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Papal Thoughts

March 13, 2013

I grew up Catholic, the youngest of six kids.  I went to 17 years of catholic school, and faced my varied share of disciplines from a series of holy orders.  I did pretty much everything a lay person could do in church and at mass over the years.  Even though I’ve moved to an Evangelical bent lately, I still look to the Catholic Church for direction in many ways.

So I’m excited about the events around the announcement of Pope Francis I.  I especially like Francis, and I’ll wait to see the explanation of the name, but St. Francis of Assisi was a large influence in my life, and the order of choice for the High School I attended.  His humble approach to God is one that I still attempt to mirror in my daily life.

I’ll note that the blogs are on this much faster than the news sites (which is an observation in itself), so to Ed Morrissey:

Update: The new Pope is a South American, the first non-European in centuries — but not one anyone saw coming.  Cardinal Jorge Mario Bergoglio of Buenos Aires, Argentina has become Pope Francis I.  This name has a lot of meaning for Catholics — Francis of Assisi was credited with reforming the Catholic Church in the 13th century through humility, simplicity, and works of charity.  However, Bergoglio is 76 years old, an interesting choice.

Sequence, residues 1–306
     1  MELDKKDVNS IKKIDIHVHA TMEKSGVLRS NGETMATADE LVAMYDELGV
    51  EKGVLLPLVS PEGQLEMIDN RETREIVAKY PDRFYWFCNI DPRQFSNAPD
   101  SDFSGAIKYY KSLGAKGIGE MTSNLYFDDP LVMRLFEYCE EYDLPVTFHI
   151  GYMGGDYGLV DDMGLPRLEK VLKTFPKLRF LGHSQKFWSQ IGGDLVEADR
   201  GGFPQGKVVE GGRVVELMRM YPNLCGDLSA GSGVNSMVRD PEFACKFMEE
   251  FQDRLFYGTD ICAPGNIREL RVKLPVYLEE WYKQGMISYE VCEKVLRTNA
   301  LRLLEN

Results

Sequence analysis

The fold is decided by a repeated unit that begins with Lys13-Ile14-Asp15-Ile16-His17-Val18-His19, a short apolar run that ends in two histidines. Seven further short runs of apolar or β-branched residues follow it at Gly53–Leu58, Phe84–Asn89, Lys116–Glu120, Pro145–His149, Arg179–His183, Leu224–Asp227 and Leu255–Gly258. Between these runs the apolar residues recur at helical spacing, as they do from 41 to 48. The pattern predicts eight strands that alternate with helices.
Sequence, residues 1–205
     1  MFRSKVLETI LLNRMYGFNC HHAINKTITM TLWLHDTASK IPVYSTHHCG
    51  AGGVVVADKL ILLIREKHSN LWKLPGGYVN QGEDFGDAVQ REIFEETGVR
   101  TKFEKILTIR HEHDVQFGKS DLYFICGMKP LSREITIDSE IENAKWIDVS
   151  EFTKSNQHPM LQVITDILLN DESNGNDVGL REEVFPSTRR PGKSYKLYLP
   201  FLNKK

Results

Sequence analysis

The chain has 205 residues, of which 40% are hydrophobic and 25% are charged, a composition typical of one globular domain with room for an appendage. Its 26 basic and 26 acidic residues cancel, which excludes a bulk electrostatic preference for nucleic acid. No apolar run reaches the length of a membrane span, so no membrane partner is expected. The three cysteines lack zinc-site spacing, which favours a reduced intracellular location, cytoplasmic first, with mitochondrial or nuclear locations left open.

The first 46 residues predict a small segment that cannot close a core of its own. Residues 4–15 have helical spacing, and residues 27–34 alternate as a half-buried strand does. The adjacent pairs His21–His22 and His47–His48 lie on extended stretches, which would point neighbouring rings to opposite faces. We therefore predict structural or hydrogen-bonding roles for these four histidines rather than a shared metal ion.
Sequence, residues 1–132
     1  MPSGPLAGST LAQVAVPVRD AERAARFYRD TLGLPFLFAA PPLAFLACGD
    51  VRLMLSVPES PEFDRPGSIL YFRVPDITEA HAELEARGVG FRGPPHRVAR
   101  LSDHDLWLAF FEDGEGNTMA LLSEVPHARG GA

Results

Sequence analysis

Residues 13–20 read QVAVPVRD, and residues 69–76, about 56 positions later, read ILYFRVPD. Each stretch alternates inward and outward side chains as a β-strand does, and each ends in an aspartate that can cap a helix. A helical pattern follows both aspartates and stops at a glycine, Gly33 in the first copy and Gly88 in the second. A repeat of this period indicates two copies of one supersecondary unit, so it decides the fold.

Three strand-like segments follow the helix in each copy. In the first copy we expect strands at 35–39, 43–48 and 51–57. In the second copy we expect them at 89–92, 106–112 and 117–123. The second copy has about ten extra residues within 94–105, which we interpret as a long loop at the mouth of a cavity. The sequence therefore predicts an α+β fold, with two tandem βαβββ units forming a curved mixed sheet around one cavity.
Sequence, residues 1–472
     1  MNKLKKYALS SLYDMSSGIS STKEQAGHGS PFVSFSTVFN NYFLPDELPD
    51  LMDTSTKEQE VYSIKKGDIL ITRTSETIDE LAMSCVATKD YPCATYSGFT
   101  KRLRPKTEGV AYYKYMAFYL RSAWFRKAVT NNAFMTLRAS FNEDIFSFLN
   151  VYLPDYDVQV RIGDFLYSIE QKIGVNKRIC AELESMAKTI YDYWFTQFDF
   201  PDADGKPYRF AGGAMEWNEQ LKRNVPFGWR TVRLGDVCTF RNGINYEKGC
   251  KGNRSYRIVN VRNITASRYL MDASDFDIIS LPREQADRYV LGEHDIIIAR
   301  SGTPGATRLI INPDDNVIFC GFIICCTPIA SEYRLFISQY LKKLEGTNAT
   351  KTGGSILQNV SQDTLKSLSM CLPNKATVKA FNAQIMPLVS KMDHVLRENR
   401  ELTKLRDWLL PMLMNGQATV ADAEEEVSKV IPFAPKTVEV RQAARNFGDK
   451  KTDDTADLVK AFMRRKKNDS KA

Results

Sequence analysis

Update: More background on Pope Francis from the Vatican biography.  He was born in Buenos Aires in December 1936, which makes him 75 at the moment, ordained as a Jesuit, and was made Bishop of Buenos Aires in 1992.  He was elevated to Cardinal by John Paul II in 2001.  He has been considered a theological conservative, probably not a surprise considering John Paul II’s intervention.

Update: Bergoglio is also the son of Italian immigrants to Argentina, so Italy has a connection to the new Pope.

I’m already anticipating the “Italian immigrants to South America” comments from somewhere.  Whatever.

The Catholic church represents over 1.1 Billion people in the world, sometimes imperfectly (from the people’s views).  However, it has stayed true to tradition for thousands of years, and focuses back to the teachings of Christ at every level.  Having a conservative Pope from the New World indicates a desire by the church to address concerns that Europe still dominates even as growth happens overseas.  I don’t expect wholesale changes, nor do I hope for any in the church.  The faith evidenced by true Catholics is clearly one that is humble before the Lord.

I join in prayer with the rest of the world for the new pope, the church, and the faith of people everywhere.

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